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  Wikipedia: History of the Soviet Union (1985-1991)

Wikipedia: History of the Soviet Union (1985-1991)
History of the Soviet Union (1985-1991)
From Wikipedia, the free encyclopedia.


 This article is part of the
History of Russia series.
 Early Russian East Slavs
 Kievan Rus'
 Mongol invasion of Russia
 Imperial Russia
 Russian Revolution
 Russian Civil War
 Soviet history (1917-1927)
 History of the Soviet Union (1927-1953)
 History of the Soviet Union (1953-1985)
 History of the Soviet Union (1985-1991)
 Commonwealth of Independent States
 History of post-communist Russia
 List of famous Russians

The rise of Gorbachev

Although reform stalled between 1964-1982, the generational shift gave new momentum for reform. Changing relations with the United States might also have been an impetus for reform. By the Reagan years in the United States, the abandonment of Détente would force the Soviets to greatly improve their productive capabilities in order to reciprocate the new arms build-up, especially amid talks of "star wars" missile defense. By the time Gorbachev would usher in the process that would lead to the political collapse of the Soviet Union and the resultant dismantling of the Soviet administrative command economy through his programs of Glasnost (political openness) and Perestroika (economic restructuring), the Soviet economy suffered from both hidden inflation and pervasive supply shortages.

Perestroika and Glasnost

Gorbachev instituted a number of political reforms under the name of Glasnost, these included relaxing censorship and political repression, reducing the powers of the KGB and democratisation. The reforms were intended to break down resistance against Gorbachev's economic reforms, by conservative elements within the Communist Party. Under these reforms, much to the alarm of party conservatives. Competitive elections were introduced for the posts of officials (by people within the communist party).

Gorbachev's relaxation of censorship and attempts create more political openness. However had the unintended effect of re-awakening long suppressed nationalist and anti-Russian feelings in the Soviet Union's constituent republics. During the 1980s calls for greater independence from Moscow's rule grew louder, this was especially marked in the Baltic Republics of Estonia, Lithuania and Latvia, which had been annexed into the Soviet Union by Stalin in 1940. Nationalist feeling also took hold in other Soviet republics such as the Ukraine and Azerbaijan. These nationalist movements were strengthened greatly by the declining Soviet economy, whereby Moscow's rule became a convenient scapegoat for economic troubles. Gorbachev had accidentally unleashed a force that would ultimately destroy the Soviet Union.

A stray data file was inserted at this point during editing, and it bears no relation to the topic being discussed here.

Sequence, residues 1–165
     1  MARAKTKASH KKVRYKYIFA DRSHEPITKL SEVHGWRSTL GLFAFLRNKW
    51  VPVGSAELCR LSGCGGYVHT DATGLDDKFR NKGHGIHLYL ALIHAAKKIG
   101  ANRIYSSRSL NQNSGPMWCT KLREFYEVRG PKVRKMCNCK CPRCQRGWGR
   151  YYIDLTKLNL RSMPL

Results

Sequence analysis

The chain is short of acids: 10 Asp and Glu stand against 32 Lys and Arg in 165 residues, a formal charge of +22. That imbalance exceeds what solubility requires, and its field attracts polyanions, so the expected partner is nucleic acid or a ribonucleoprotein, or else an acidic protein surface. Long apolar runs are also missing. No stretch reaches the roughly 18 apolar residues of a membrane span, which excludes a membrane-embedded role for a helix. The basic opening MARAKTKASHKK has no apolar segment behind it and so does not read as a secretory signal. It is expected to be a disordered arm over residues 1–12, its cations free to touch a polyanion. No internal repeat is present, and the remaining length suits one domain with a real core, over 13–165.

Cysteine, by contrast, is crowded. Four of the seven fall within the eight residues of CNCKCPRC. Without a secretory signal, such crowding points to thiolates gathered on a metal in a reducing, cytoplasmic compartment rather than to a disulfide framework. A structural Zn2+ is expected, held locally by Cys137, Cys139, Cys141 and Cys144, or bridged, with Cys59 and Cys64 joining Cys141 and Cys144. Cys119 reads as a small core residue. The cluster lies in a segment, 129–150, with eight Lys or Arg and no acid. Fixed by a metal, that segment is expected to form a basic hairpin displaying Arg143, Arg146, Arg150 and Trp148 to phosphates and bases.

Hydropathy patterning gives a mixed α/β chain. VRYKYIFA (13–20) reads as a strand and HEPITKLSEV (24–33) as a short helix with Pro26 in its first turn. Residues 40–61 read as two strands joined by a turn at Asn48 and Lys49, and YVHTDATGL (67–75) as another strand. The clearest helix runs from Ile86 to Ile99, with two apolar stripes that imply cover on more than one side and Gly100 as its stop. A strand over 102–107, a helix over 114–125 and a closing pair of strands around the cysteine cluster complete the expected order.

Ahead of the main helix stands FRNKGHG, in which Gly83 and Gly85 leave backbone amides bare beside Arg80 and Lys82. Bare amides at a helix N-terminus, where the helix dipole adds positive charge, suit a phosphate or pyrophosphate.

On February 15, 1989, Soviet forces completed their withdrawal from Afghanistan. The Soviet Union continued to support the communist Democratic Republic of Afghanistan with substantial aid until the end of 1991. In 1989 the communist governments of the Soviet Union's satellite states were overthrown one by one with feeble resistance from Moscow.

By the late 1980s the process of openness and democratisation began to run out of control, and went far beyond what Gorbachev had intended. In elections to the regional assemblies of the Soviet Union's constituent republics, nationalists swept the board. As Gorbachev had weakened the system of internal political repression, the ability of the USSR's central Moscow government to impose its will on the USSR's constituent republics had been largely undermined.

Yeltsin and the dissolution of the Soviet Union

On February 7, 1990 the Central Committee of the Soviet Communist Party agreed to give up its monopoly of power. The USSR's constituent republics began to assert their national sovereignty over Moscow, and started a "war of laws" with the central Moscow government, in which the governments of the constituent republics repudiated all-union legislation where it conflicted with local laws, asserting control over their local economies and refusing to pay tax revenue to the central Moscow government. This strife caused economic dislocation, as supply lines in the economy were broken, and caused the Soviet economy to decline further.

Gorbachev made desperate and ill-fated attempts to assert control, notably in the Baltic Republics, but the power and authority of the central government had been dramatically and irreversibly undermined. On March 11, 1990, Lithuania declared independence and pulled out of the union. However, a large part of the population of the Lithuanian SSR comprised ethnic Russianss, and the Red Army had a strong presence there. The Soviet Union initiated an economic blockade of Lithuania and kept troops there "to secure the rights of ethnic Russians." In January 1991, clashes between Soviet troops and Lithuanian civilians occurred, leaving 20 dead. This further weakened the Soviet Union's legitimacy, internationally and domestically. On March 30, 1990, the Estonian supreme council declared Soviet power in Estonia since 1940 to have been illegal, and started a process to re-establish Estonia as an independent state.